The “SIMPLE” in SIMPLE IRA stands for a Savings Incentive Match Plan for Employees. This IRA is an employer-sponsored retirement plan for businesses with 100 employees or less and is funded by tax-deductible contributions and pretax employee contributions similar to the way a 401(k) works. Employees can contribute a portion of their paycheck pretax with taxes on the funds deferred until the money is withdrawn. SIMPLE IRAs are less expensive and easier to manage than other plans – a big benefit for busy small businesses.
- Self-Employed 401(k)
A self-employed 401(k) is a plan for a self-employed business owner with no employees. It is a tax-deferred retirement plan that works about the same way as a traditional 401(k). However, if you are interested in putting a significant amount of retirement savings away each year, then a self-employed 401(k) has a big advantage. This plan looks at the participant as both the employer and the employee, allowing you to contribute more money each year than an individual could under most other traditional retirement accounts.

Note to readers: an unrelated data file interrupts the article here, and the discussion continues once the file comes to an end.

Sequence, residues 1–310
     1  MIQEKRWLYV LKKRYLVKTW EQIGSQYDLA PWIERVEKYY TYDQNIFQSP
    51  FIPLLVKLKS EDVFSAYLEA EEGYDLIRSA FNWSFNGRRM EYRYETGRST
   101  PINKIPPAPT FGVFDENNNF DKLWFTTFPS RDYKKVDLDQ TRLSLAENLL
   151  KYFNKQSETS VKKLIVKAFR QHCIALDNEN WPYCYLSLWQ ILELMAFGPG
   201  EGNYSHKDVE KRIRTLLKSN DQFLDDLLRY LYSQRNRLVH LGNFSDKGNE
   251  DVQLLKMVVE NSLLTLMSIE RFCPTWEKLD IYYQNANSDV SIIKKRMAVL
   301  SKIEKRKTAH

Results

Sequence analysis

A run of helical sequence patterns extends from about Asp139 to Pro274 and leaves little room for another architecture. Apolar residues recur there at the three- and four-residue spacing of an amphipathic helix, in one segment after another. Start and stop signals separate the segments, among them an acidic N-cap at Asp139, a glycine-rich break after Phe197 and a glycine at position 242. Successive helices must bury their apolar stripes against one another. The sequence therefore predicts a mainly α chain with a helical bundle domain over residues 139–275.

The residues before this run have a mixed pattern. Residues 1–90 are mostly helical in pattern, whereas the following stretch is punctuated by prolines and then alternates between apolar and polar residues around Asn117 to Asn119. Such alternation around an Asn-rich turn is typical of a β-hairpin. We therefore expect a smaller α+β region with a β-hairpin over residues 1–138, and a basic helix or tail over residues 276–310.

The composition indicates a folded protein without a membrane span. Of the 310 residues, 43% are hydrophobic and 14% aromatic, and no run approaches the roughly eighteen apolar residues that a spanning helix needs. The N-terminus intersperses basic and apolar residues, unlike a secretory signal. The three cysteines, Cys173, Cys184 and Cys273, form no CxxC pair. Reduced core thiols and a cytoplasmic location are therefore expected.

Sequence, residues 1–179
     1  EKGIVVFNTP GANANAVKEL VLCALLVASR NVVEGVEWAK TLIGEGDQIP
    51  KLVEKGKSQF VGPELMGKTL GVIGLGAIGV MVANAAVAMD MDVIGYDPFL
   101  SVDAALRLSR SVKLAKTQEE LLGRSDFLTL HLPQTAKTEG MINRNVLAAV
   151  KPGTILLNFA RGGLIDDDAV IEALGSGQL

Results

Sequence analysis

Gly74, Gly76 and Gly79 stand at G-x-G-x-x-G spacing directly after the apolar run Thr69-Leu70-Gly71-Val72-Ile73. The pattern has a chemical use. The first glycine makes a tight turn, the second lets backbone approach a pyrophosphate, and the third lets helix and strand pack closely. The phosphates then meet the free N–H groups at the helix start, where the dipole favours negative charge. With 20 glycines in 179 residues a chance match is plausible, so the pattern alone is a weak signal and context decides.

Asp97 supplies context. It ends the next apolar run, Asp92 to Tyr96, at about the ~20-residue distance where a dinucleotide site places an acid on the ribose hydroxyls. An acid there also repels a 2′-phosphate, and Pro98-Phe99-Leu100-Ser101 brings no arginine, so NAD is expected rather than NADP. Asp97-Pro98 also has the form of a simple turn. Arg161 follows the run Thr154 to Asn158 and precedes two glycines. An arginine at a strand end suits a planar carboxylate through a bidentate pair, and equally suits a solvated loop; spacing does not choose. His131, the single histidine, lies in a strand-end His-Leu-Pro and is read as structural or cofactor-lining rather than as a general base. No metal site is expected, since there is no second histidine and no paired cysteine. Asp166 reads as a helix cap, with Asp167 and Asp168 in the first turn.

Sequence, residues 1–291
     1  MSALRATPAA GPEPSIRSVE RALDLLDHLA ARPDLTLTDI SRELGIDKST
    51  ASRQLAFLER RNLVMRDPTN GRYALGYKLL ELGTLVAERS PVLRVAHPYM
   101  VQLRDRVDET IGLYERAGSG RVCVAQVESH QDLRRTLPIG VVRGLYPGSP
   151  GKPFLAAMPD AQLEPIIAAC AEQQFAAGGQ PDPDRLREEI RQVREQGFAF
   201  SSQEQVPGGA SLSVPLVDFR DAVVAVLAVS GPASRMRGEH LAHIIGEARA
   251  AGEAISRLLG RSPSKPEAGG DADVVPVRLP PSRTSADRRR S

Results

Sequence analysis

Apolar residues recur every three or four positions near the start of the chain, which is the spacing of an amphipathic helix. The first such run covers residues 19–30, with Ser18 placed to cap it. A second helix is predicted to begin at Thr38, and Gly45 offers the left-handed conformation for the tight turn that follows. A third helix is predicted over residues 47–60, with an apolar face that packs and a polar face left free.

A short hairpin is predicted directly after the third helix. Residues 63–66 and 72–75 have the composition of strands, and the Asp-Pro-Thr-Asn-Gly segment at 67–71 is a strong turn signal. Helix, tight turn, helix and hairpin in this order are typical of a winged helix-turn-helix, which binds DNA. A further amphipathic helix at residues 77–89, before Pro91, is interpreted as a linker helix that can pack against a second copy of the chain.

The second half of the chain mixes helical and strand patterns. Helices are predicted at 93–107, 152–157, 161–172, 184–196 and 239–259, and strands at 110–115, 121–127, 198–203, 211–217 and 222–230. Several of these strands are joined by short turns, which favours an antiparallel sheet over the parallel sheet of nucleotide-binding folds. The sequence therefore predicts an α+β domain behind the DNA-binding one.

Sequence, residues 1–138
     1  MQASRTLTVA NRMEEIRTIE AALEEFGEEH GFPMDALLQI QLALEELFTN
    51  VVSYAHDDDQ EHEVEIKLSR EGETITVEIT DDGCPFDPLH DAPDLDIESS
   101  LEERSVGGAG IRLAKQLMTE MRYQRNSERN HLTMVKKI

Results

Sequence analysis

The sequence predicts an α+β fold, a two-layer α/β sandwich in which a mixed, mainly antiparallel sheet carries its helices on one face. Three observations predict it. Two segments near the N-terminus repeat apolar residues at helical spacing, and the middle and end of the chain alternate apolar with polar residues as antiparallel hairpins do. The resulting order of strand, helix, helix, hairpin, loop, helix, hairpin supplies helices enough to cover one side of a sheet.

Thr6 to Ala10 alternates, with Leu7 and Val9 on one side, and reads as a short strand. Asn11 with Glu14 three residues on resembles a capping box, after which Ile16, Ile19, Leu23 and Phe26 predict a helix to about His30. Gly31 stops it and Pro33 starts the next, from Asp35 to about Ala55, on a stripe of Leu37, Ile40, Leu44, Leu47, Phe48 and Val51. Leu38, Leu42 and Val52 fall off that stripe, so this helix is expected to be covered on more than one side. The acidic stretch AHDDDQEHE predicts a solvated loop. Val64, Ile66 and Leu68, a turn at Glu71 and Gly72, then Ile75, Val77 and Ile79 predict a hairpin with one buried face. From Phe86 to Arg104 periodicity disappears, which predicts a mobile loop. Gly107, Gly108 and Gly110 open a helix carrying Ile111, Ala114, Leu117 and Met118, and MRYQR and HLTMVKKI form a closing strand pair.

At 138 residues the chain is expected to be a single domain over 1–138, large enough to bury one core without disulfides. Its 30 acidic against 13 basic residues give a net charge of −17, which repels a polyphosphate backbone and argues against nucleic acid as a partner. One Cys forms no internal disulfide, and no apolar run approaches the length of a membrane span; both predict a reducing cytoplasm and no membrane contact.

Each of these plans has its advantages. Picking the right one for you and your business often comes down to the tax advantages your business can benefit from now and how much you’re looking to save for the future.
Once you have selected your retirement account, come up with a contribution plan and stick with it.
Plan to contribute to your retirement account regularly and factor that into your overall budget each year. You can decide to make ongoing contributions or make one larger contribution at the end of the tax year. However often you decide to contribute to your account, make sure the amount you contribute is directly tied to the amount of money you plan to need throughout your retirement years.
According to SCORE mentor Frank DeSantis, “With any retirement plan, you need to estimate how much money you will need to live on after you stop working in your business. For a small business owner, there may be new costs to consider as expenses—such as automobile payments, fuel, insurance, and some entertainment costs—transition from business tax deductions to personal expenses in retirement. Knowing what your needs are will help you plan to save enough to meet your goals.”